Hooooo! That, apparently, is the sound of an iPhone whistling. At least, that’s the sound of an iPhone whistling when its inside the WhistleCase, a combo tweeter and phone protector that actually looks cool enough to buy and use.
All items tagged with "sports"
Works With: iPhone 4S+5, iPad 3,4, mini
The promise of the Wahoo RFLKT is of a tiny, ultralight box with an LCD readout which displays information from an iPhone cycling app on the handlebars of your bike. You get the advantage of using your favorite tracking app, and also of having an easy to read and control HUD, instead of having to buy an expensive GPS-enabled bike computer.
The reality comes somewhat short.
Why wear a helmet and a camera when you go skateboarding/snowboarding/waterboarding/other? With the Video Head helmet you get both gadgets in one. Cheaper, safer and more -in-one-er.
We’re continually seeing examples of how the iPhone has exploded its horizons to become much, much more than just a phone. Case (ha) in point: Why shell out $300 for an action cam when you already own a video cam with stellar optics and image-stabilizing, a big, beautiful screen and the ability to upload your exploits whenever you damn well please? All you need to turn your iPhone from video cam to action cam is a rugged, weatherproof case with a wide-angle lens, and the ability to stick the whole thing onto a helmet or such. And that pretty much describes the $150 Mophie OutRide system.
As long as sports have existed, so have sports-related injuries. One injury in particular that has managed to capture the spotlight over recent years, is of course, the concussion. Head injuries, particularly concussions, have become a serious issue in both professional and youth sports.
Those ruggedized cases that turn your iPhone into a handy sports-cam? They can go suck it. GoPro has popped out a new sequel in its Hero lineup and it shoots 4K video whilst also being way smaller and lighter than its predecessor.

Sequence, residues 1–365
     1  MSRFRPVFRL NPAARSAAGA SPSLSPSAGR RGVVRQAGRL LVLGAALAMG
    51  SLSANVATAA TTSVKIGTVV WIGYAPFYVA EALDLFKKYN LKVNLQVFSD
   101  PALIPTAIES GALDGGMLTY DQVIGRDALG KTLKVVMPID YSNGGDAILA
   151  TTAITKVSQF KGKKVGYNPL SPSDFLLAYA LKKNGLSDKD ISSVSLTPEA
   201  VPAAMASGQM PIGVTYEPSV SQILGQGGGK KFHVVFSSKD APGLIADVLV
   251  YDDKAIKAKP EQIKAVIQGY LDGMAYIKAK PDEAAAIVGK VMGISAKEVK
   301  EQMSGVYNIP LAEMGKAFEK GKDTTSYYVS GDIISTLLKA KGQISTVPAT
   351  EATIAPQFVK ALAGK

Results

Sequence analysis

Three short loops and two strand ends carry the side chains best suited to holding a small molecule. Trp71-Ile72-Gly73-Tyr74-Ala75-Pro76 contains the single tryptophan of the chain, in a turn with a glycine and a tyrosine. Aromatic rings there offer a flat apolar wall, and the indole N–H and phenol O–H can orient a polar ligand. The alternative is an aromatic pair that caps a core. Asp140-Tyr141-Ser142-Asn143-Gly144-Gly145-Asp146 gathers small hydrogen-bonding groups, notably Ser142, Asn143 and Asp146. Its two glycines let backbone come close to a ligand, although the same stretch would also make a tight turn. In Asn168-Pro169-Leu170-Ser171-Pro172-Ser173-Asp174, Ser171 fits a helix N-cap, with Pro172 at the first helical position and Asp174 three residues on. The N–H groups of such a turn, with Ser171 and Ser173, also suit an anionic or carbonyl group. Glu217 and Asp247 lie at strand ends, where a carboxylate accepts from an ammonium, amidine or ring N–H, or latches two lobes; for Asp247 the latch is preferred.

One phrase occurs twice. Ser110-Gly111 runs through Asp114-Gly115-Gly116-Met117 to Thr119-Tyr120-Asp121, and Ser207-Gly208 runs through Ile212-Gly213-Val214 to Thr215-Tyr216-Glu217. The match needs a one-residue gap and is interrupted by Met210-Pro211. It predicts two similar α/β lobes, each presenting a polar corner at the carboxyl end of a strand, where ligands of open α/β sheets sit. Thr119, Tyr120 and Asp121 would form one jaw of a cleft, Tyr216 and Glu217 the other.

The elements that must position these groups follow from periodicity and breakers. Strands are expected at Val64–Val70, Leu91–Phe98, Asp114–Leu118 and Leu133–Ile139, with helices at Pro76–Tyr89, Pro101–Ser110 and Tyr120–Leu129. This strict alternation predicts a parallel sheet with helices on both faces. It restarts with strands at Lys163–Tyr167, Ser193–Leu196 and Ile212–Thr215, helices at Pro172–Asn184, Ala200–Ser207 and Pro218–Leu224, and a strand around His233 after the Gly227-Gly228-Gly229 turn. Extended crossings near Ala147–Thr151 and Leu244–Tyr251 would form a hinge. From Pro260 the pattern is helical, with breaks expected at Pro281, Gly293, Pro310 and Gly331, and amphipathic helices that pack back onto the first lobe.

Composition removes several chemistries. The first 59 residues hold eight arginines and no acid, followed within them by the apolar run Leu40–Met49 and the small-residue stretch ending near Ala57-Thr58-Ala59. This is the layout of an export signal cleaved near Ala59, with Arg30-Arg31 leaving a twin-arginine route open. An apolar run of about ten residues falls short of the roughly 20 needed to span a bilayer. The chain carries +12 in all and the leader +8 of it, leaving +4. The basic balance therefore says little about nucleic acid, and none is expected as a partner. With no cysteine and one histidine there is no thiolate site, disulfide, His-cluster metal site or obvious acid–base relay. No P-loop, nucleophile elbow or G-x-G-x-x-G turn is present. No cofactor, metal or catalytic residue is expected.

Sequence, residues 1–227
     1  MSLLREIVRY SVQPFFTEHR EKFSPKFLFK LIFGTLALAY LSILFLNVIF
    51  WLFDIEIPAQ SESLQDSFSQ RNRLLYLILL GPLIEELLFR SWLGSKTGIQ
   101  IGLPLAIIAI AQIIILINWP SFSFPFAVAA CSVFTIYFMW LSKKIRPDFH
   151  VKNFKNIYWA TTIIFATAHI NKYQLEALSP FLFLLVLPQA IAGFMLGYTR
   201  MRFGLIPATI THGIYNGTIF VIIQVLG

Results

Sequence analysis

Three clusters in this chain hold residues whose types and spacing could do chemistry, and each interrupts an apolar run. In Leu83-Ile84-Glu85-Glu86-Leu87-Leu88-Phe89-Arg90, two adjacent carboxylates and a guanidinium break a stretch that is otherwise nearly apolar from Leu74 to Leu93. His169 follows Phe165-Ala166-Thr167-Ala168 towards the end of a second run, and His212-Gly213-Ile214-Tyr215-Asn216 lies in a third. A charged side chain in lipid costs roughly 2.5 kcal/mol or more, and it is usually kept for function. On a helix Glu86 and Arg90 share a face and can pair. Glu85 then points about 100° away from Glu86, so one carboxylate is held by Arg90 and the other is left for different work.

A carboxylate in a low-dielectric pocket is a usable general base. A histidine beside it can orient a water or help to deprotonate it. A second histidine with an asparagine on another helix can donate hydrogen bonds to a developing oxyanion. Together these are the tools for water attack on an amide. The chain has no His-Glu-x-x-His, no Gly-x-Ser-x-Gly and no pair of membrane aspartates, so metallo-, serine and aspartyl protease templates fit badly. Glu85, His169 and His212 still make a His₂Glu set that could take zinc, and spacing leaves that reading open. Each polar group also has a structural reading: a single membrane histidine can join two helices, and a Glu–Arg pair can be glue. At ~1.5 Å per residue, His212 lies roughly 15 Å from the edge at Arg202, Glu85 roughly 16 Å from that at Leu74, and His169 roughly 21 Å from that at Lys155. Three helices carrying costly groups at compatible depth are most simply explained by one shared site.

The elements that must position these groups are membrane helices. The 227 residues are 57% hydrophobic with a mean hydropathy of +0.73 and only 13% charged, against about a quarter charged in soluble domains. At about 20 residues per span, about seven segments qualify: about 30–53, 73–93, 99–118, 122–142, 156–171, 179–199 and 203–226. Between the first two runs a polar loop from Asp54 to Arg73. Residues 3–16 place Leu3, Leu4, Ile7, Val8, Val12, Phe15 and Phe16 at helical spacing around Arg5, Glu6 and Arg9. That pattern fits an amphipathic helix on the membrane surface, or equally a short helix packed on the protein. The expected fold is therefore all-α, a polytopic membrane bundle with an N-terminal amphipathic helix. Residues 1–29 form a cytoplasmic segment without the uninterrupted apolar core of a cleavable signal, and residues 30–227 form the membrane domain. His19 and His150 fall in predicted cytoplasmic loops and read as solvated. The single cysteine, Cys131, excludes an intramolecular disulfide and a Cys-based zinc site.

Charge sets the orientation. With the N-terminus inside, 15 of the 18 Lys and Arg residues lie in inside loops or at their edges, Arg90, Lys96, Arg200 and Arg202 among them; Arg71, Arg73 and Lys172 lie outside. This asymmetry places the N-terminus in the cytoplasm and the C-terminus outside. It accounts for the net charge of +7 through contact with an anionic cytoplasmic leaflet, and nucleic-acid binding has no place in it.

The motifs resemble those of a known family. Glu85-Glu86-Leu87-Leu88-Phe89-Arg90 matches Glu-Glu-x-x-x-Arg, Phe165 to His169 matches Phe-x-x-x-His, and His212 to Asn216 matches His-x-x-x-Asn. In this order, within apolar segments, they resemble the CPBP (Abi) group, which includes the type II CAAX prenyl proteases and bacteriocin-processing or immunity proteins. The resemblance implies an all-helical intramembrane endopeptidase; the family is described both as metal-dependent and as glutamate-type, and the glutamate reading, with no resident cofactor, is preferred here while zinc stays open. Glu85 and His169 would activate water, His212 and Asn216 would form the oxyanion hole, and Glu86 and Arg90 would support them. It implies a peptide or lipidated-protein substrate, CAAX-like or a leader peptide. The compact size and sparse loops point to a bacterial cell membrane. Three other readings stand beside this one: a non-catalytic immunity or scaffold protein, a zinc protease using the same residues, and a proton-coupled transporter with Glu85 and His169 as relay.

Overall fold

Siri has been updated along with the rest of the iOS in the new iteration from Apple. The personal voice assistant can take dictation, help you plan your wardrobe around the weather, keep track of your buddies, inform you on all sorts of sports information, and help you choose the best movie to go see, all using basic spoken English.
Of course, it helps to know what kinds of questions and commands you can actually say to produce the desired results. Here’s five things you can do with Siri the right way, so you can spend less time repeating yourself and more time going to those movies and meeting up with those friends.
I’ve been told that sports are a popular pastime. Some of my best friends love to keep track of sports scores, team rankings, and individual player statistics. If I get pulled into a conversation about sports with any of them soon, I’m totally pulling out my iPhone 5, and I’ll be able to keep pace with their conversation. Or, at least throw out tasty facts that will totally impress them.
Siri is a great personal assistant, helping you create reminders, text friends, and the like. But Siri also has a way of interpreting ordinary questions about things like, yes, sports. Here are some of the best ways to ask her for the latest updates on your favorite teams and sports.
So you just had your own personal iPhone 5 unboxing. What next? If I were you, I’d hop on my bike and go burn a few calories, taking in the sunny view of the city as I go. But where would I put my new toy? After all, there are no iPhone 5 handlebar mounts available yet. Or maybe you live somewhere rainy and dull, and you want to keep your iPhone in a pocket or bag.
Luckily, the RFLKT now exists. It’s a little LCD bike computer that sits on your handlebars, only instead of just spitting out your speed and lap times, it displays sports info beamed to it from your iPhone — 5 or otherwise.
Apple’s hardware product lines might be clean and sparse to the point of obsession, but behind the scenes it’s another story. Take iOS 6, for example. While yesterday’s Apple keynote showed off plenty of new features, many of them are location dependent. And I’m not talking about maps here – many features are switched off outside of the U.S, and just which one’s you can use depends on the country you’re in.